A daylily is a flowering plant in the genus Hemerocallis.
There are about 15 species of daylilies.
More than 80,000 of cultivars have been registered by local and international Hemerocallis societies.
They are found from central Europe to eastern Asia.
Gardening enthusiasts and professional horticulturalists have long bred daylily species for their attractive flowers.
Often called the ‘perfect perennial’ because of its numerous qualities: showy owers, wide array of vibrant colors,drought tolerance, heat stress immunity, ability to grow in most hardiness zones and low care requirements, daylily is a remarkable and stunning addition to the garden!
Their name alludes to the flowers which typically last no more than 24 hours (about a day or so).
Daylilies have fleshy roots and narrow, sword-shaped leaves that are grouped at the base of the plant.
The flowers of most species open in early morning and wither during the following night, possibly replaced by another one on the same scape (flower stalk) the next day. Some species are night-blooming. Daylilies are not commonly used as cut flowers for formal flower arranging, yet they make good cut flowers otherwise as new flowers continue to open on cut stems over several days.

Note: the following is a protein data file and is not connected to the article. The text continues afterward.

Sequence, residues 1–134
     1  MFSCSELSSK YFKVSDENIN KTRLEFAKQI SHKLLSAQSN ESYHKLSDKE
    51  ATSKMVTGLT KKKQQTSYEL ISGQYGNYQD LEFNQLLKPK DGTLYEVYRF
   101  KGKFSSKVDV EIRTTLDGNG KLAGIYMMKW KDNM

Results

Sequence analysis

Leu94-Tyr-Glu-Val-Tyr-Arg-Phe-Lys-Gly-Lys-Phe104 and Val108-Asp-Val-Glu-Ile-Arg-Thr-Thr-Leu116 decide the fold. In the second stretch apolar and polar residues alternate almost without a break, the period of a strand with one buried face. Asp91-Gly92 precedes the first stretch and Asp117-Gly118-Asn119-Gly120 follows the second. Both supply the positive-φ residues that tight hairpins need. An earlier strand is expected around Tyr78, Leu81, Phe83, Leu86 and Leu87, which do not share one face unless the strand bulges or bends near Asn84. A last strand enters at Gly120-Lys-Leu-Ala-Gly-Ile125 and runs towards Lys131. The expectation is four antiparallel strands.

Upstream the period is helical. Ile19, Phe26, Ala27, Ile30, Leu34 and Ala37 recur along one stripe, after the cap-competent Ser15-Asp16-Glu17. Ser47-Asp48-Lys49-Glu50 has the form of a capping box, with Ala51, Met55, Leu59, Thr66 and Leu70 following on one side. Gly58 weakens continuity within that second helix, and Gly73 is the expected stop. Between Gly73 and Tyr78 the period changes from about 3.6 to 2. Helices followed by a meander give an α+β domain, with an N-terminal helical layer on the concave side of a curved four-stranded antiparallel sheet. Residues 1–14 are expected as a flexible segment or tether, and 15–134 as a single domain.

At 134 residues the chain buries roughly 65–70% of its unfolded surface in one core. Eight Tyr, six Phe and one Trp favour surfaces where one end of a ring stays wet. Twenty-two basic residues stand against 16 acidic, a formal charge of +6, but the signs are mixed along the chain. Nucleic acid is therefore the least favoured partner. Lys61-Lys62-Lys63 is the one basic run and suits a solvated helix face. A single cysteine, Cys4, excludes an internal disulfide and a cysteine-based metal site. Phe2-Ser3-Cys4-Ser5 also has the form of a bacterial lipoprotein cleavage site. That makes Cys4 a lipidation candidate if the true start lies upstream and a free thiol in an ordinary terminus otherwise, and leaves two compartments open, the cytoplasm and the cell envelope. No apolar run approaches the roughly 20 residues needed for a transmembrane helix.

Daylilies come in many shades of color. There are lighter versions like pink and yellow and other pastel hues. There are also darker day lilies of purple and red. Hybridized versions of this blossom can have contrasting colors and markings too.
The daylily fruit is a capsule.
The daylily is a flower that symbolizes motherhood. Especially in China, this means a mother’s devotion. Also, it can mean filial devotion to his or her mom. Basing it on the way the day lily was referred to in Chinese tradition; it can have many other meanings. For example, if the day lily has a cheerful position, it’s called wong yu.
The name Hemerocallis comes from the Greek words ἡμέρα (hemera) “day” and καλός (kalos) “beautiful”.
Lilies are known to be the May birth flower, and the 30th wedding anniversary flower.
Daylily prices range from as low as $3 to as much as $500 for a single plant.
The flowers of Hemerocallis citrina are edible and are used in Chinese cuisine. They are sold (fresh ordried) in Asian markets as gum jum or yellow flower vegetables. They are used in hot and sour soup, daylilysoup, Buddha’s delight, and moo shu pork.